The Telegraph
Since 1st March, 1999
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Toxin link to brain tumour

Back home after a hard day’s work, Bidyut Saha felt a twinge in the back of his head. The multinational bank executive, in his mid-40s, put it down to stress, till the pain persisted and finally a scan revealed his worst fears — a tumour in the brain.

Now, the scare over the city: Saha is no exception, says an epidemiological study conducted by the department of physiology, SSKM Hospital, and sponsored by the West Bengal department of science and technology.

The report holds carcinogens — particularly nitrogenous ones — in the environment responsible for the high incidence of brain tumour in Calcutta.

Of 758 cases scanned, Calcutta beat all other districts of Bengal when it came to the brain-tumour count. And if men were found more susceptible than women, the 40-49 age-group was the most vulnerable.

The team, led by Dr Swapna Chowdhury, scanned brain tumour patients across major government and private hospitals over a period of three years.

The report, already tabled, threw up a chilling fact — pollutants and toxins from nature were seeping into human blood and affecting the brain. The higher the pollution percentage, the more the tumour incidence.

Of the sample surveyed, the study — which has been accepted by the Asia Pacific Journal for Cancer Prevention — reveals incidence of brain tumour among 33.08 per cent of cases scanned in Calcutta alone. In North 24-Parganas, the figure stood at 18.2 per cent and 9.32 per cent in Howrah.

Calcutta figures high on the list owing to the perilously high presence of nitrogenous effluents in nature.

“The percentage of incidence of brain tumour reflects how the high concentration of industries that throw out toxins is affecting human health. The indiscriminate setting up of highly-polluting industries will continue to wreak havoc,” warned a senior member of the research team.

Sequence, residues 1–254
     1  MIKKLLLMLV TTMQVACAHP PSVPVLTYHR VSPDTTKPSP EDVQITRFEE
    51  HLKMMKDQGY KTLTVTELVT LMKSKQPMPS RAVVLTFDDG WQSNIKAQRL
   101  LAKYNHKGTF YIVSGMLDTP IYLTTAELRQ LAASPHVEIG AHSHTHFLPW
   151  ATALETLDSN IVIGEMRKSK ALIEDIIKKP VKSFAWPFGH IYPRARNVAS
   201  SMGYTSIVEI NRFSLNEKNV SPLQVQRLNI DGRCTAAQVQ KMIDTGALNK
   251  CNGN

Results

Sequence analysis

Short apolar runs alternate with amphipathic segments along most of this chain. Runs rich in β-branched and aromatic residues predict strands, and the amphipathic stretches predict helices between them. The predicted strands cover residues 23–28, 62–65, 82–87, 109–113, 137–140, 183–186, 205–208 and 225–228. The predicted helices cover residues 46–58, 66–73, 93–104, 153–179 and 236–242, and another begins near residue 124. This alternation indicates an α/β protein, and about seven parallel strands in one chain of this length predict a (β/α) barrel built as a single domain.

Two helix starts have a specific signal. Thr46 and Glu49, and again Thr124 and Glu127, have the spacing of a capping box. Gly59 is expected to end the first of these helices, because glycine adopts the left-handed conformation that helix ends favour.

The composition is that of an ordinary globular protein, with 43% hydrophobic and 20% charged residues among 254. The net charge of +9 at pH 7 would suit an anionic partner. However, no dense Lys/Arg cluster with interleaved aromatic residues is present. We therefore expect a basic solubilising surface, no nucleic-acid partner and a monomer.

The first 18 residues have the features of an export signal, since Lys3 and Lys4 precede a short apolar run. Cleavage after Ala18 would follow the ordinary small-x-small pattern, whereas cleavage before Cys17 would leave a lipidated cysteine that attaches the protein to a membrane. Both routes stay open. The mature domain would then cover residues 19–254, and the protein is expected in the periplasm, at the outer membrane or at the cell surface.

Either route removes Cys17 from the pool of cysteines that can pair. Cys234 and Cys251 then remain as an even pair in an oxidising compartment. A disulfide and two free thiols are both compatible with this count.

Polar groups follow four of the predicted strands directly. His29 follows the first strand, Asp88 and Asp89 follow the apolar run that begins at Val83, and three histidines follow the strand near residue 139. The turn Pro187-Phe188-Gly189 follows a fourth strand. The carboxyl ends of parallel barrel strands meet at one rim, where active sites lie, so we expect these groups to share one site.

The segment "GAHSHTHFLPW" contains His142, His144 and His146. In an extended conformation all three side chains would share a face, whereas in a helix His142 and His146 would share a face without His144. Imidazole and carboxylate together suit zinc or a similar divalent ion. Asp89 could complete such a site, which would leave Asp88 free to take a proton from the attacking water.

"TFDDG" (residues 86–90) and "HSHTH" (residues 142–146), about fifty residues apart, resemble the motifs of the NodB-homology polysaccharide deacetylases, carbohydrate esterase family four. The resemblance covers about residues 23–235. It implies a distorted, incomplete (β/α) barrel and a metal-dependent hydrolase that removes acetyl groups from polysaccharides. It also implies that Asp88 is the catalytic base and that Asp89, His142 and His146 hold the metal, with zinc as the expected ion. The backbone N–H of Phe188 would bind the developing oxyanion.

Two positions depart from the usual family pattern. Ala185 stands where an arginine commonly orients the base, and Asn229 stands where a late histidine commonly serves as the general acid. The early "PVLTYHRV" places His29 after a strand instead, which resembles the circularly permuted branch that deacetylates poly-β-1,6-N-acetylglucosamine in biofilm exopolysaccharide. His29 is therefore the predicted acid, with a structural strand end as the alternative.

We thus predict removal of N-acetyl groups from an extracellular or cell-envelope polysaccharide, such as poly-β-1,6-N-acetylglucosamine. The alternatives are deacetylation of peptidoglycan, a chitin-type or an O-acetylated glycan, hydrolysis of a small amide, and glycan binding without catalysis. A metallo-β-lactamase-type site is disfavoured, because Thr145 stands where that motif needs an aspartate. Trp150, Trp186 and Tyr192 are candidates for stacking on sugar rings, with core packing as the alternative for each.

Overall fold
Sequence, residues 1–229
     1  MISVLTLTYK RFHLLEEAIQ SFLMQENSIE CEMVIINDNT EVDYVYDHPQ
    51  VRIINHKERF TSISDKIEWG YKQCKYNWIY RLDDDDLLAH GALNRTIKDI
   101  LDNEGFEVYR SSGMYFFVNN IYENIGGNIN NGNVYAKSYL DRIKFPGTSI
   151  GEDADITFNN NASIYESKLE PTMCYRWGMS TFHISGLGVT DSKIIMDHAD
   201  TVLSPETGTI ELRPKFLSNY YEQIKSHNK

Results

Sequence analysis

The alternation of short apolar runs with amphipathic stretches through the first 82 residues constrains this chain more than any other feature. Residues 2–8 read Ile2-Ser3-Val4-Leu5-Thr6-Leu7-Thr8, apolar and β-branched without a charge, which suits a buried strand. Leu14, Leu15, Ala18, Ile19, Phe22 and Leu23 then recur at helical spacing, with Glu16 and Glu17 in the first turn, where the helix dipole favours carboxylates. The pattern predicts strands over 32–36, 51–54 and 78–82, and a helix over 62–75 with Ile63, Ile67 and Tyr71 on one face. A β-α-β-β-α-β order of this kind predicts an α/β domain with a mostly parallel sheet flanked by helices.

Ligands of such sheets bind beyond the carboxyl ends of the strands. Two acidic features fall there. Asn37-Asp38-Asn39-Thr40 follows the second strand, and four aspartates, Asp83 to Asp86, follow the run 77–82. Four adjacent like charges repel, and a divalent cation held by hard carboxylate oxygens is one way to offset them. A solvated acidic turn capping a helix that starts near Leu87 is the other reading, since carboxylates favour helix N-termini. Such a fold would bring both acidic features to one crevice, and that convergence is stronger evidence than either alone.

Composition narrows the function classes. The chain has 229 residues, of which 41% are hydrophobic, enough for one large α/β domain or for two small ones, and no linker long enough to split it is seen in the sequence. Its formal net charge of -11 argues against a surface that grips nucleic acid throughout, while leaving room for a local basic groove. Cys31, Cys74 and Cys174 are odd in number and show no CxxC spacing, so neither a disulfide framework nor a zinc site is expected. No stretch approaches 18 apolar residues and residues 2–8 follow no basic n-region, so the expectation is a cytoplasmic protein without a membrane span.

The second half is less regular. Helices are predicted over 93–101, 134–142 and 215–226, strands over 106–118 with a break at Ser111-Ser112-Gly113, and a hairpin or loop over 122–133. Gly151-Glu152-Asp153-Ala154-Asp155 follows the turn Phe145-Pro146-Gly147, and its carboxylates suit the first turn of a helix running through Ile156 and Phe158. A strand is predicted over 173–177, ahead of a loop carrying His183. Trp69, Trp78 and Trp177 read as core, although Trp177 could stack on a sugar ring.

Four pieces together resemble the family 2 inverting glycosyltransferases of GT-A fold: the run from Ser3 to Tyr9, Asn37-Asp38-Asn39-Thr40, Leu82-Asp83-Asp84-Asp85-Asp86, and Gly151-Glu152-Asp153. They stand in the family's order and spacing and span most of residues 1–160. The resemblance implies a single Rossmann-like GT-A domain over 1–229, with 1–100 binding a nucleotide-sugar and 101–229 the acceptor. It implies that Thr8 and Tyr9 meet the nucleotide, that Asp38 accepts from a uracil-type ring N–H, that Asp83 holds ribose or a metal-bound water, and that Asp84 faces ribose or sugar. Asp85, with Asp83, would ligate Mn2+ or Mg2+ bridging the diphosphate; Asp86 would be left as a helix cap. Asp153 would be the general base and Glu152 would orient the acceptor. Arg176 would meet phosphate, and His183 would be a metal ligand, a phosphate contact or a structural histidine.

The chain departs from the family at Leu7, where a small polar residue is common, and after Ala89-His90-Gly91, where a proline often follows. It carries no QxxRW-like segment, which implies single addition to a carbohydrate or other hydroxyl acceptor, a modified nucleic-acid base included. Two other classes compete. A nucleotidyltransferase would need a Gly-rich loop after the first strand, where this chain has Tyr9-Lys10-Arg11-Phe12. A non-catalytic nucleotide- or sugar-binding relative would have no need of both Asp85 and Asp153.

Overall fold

The study even identifies the types of industries and the pollutants they were spewing. “Nitrogenous products from the sewerage and effluents are gradually finding their way into the soil and, finally, into our bodies from the agri-produce. In the blood stream, these products get converted into nitroso compounds, inciting tumour growth. This has also been observed in animals,” said Dr Chowdhury.

Experts in cellular and molecular immunology suggest such incidence can be lowered if care is taken while consuming raw vegetables, including salads. Products with low or negligible percentage of pesticides are also advised as pollutants find their way into the food.

Besides, food products that are chemically treated should not find their way to the table.

The presence of carbon monoxide, carbon dioxide and sulphur dioxide in the air also poses a serious threat.

The study identifies electronic, electrical, leather, ceramic and pharmaceutical units and printing presses as some of the key polluting sources in the city that can be linked with tumour trauma.

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